Play Major Roles
In NCEA Meet
Twelve representatives of East
Carolina, including 10 faculty mem-
bers and two students, have major
roles on the program of the 42nd
annual convention of the Northeas-
tern District of the North Carolina
Education Association in Rocky
Mount today.
All 12 were scheduled to partici-
pate in various divisional or de-
partmental meetings followng the 10
(a.m. annual general session at
Rocky Mount Senior High School.
Seven EC faculty members were
scheduled to speak to the divisional
and departmental meetings. Three
others and an ECC student were to
preside as departmental or division-
al chairmen. Another Bast Carolina
student was to act as secretary to a
divisional meeting.
versfcy, will ta on J
win show slides whach ne
TJfft geography of
Soviet aTnion wl beffvf v'
Andrew Perejda of the bast
lima Jaculty. an a&-r
and Asian geography, ur
will discuss inexpensive P
maPs available to the $
suggest ways they can oe
the classroom.
of currant gP1
11 ncrm me teacher to
2" ne items of inUT
t.XJimne and n tMi i
will he prvioVd i
clafi6rooa: teaching
to uKl 5f
" y m
U end . 3IP w
Sff -
Dean Beach Accepts Chair
In MEJSC Southern District
Dean Earl E. Beach of the School
of Music at East Carolina has been
appointed chairman of music
higher education and of the nominat-
ing committee for the Southern I-
vision of the Music Educators Na-
tional Conference (MENC).
Beach, a native of Crestline. Oh
and head of the musk program here
since September. 1958, moves into
his new chairmanships from h:s
positions as president, member of
the Board of Directors and Execu-
tive Commit teeman of the division.
His new appointments were
nounced by RING'S National Board
of Directors.
The new positions for Beach m
that he will plan programs for mu-
sic in higher education for the di-
visional conference scheduled n
Louisville. Ky next March and bead
IDC Prexy Thanks
Sanitary Barber Shop
Jerry Tolley. IDC Pres wishes
to thank the Sanitary Barber Shop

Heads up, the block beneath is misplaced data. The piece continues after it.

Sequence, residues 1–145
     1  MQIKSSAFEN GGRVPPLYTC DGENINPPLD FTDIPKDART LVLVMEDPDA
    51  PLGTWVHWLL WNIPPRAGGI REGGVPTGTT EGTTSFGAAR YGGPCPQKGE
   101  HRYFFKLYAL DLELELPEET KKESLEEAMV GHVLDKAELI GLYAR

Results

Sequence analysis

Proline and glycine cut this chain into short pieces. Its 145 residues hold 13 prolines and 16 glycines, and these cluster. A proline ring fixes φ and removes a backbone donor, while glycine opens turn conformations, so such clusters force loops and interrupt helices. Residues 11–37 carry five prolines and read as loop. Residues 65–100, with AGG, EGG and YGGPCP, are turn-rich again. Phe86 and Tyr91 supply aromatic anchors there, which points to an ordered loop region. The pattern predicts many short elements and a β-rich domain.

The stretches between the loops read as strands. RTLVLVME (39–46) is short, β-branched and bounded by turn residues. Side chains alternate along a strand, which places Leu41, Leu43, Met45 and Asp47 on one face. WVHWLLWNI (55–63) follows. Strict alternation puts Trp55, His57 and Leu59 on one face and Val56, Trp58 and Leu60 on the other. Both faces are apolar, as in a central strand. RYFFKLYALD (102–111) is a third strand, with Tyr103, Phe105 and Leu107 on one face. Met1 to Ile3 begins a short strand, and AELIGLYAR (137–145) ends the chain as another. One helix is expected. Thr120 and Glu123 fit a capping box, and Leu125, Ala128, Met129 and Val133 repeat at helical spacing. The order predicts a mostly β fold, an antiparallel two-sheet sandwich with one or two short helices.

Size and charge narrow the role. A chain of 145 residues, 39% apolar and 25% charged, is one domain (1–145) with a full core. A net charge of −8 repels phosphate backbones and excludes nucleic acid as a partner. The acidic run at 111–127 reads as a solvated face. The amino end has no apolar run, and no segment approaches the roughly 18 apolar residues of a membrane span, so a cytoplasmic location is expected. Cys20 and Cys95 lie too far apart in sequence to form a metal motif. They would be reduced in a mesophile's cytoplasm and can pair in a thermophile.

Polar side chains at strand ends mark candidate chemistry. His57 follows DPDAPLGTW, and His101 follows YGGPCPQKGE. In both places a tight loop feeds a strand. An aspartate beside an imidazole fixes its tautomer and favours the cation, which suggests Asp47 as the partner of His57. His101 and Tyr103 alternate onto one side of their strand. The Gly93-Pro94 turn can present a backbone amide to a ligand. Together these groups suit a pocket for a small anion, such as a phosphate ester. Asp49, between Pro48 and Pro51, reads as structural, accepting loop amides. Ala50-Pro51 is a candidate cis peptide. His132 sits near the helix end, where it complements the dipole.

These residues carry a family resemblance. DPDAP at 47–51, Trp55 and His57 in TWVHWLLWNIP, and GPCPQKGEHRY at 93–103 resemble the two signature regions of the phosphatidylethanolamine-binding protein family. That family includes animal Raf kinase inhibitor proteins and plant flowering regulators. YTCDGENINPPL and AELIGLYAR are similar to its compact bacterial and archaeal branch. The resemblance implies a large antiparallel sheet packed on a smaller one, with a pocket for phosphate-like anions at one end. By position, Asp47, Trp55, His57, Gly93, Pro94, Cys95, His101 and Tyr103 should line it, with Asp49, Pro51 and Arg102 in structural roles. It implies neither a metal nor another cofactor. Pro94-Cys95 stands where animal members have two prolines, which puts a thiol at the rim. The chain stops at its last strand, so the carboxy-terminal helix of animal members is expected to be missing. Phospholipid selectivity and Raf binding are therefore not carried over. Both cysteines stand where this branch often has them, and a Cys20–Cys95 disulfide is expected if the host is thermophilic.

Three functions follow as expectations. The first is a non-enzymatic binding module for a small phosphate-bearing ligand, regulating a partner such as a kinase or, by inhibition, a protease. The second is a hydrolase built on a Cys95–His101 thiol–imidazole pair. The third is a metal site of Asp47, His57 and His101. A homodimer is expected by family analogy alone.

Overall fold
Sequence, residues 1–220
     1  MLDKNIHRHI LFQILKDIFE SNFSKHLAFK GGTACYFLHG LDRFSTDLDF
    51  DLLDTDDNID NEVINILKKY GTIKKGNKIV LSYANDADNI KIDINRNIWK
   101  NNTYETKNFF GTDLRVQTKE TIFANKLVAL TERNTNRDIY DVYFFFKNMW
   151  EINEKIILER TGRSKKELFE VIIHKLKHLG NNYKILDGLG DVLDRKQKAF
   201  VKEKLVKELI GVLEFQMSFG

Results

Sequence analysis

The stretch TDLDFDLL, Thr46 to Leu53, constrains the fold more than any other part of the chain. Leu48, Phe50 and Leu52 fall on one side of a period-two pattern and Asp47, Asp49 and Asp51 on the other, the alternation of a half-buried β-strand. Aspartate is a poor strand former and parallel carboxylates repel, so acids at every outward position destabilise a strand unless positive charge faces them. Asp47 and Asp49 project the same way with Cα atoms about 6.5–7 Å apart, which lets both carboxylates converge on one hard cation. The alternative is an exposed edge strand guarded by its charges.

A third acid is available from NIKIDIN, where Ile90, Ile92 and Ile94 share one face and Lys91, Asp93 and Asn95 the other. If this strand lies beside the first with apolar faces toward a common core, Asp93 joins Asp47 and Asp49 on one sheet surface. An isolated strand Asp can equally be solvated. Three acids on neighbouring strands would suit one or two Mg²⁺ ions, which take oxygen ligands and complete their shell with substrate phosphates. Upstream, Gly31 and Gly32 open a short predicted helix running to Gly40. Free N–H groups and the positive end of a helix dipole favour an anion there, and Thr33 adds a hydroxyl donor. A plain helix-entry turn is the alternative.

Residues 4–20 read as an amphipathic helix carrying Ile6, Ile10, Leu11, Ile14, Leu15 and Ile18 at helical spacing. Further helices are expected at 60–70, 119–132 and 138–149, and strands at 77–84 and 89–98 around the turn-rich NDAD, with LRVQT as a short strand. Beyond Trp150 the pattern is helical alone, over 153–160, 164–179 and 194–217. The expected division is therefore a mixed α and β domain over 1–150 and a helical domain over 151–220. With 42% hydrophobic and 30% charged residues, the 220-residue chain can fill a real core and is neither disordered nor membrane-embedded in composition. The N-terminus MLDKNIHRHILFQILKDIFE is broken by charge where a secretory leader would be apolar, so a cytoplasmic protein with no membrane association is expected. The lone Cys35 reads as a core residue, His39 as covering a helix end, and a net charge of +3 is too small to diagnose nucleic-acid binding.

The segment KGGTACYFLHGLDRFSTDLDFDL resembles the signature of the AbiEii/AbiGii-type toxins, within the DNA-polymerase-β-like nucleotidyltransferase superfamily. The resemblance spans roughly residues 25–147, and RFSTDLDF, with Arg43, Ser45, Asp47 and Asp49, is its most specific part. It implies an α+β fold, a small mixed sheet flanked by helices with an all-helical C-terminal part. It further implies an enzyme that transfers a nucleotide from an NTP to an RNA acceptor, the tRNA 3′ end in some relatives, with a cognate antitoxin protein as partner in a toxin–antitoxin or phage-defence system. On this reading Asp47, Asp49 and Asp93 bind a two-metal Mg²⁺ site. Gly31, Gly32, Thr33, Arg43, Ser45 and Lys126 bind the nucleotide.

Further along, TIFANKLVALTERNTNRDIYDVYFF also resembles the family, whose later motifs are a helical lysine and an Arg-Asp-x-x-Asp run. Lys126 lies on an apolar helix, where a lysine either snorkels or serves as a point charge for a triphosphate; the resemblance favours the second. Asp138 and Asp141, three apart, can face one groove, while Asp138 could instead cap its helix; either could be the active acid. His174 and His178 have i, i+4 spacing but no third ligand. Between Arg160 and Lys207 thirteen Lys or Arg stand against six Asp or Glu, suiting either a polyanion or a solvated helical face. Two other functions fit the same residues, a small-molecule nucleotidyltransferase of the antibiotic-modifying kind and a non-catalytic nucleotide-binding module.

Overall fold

for their participation in regards to
the IDC player of the week. They
are giving each player of the week
a free haircut. We on the IDC fe
that this will benefit both the payers
land the school. It is good when the
people in Greenville show interest of
this kind toward the college and its
organization. A gin we thank the
Sanitary Barber Shop.
The six delegates representing East Carolina at the Association of College Unions are (1 to r) Tim r
Farleigh Hungerford, Noel Tisdale, Linda Miller, Linda White and Harland McCaskill. Bagwell,
Seven Delegates Attend CU Convention
Six 9tudenit delegates and one stafff
member leaive this week to join the
chartered bus carrying college union
student delegates from thirteen
member schools to the conference of
Region V of the Assooiaibion of Col-
lege Unions to she held at the Uni-
versity of Kentucky, in Lexington,
Kentucky, October 29 through Oc-
tober 31.
Bast Carol:nia student Tim Bag-
well, of Charlotte, is chaarrnan of
Region V and will preside over the
three-day conference, the theme of
which is "Challenges of the Golden
Year in keeping with the Fiftieth
Anniversary of the Association of
College Unions.
Eact OaroV-n-q OUee Union is a
member of Region V of ACU wlrch
is composed of member schools in
,North Carolina, South Carolina. Vir-
ginia, Eastern Tennessee and East-
ern Kentucky.
Other delegates representing East
Carolina College Union are Pat
Weaver, President of the local Col-
lege Union, from Rocky Mount;
Noel Tisdale, Chairman of the fine
arts Committee, from Fadr Lawn,
New Jersey; Linda Rae White, secre-
tary, firom Cove Oilty; Linda Miller,
member of the social committee,
from Clinton; and Harlan McCaskill,
chairman of the special projects
committee, from Candor. Miss Far-
leigh Hungerford, Assistant to the
Director of College Union Activities,
from Charlotte, will also attend the
Discussion topics being led by EC
delegartes are "Challenges of Com-
munication between Board and Com-
mittee Members by Tisdale and
Miss Milder; -and "Challenges of Re-
lationships between Board and Srv.
cial Groups by Mr. McOaskiU
Miss Weaver, and Miss White
Graces Hair Styling
Home of the Newest
Hair Sttjles
510 Cotanche Street
Dial 758-2864
the nominal i
Res H
studied ' nh!
.1 : '
' -hi-
Fot ' n'
- I
t the

Mims Exhibits
Oil Painting
In Traveling Show
A reel p
Carohoa C ilege i
17 works of ar
tra exhfcitiotis in .r.
lina and is nu on d . m
Greenvttle Art Cede
Thomas W M.ms.
Ea ' Sen-
Art faculty si . o
H:5 n co
blue kaven :
for the 20th annual North i
Artists' Ex ibsl on
, Tho Greenville show b
( Oct. 27. a
. ' nter I
ti fro
n . Tue cl
lay Ih. pub! c
nd without ch
Th" exW under tt
, and fn n ,
Fast ir u A
Parents are M? aJ?Vll,e
non St . Henderson
The Riff 0ne Qf The
Great Southwest!
In Technicoior
Kichard Boone
Stuart Whitman
NOV. i
Ptt Theatr
fiat .
Mi- PatT
I'r'U I-
for Hu 1.
Ul t -
h r n
123 E. 'A
Pleate repo
to vt

East Carolinian, October 30, 1964
East Carolina's student-run campus newspaper was first published in 1923 as the East Carolina Teachers College News (1923-1925). It has been re-named as The Teco Echo (1925, 1926-1952), East Carolinian (1952-1969), Fountainhead (1969-1979), and The East Carolinian (1969, 1979-present). It includes local, state, national, and international stories with a focus on campus events.
October 30, 1964
Original Format
Local Identifier
Location of Original
University Archives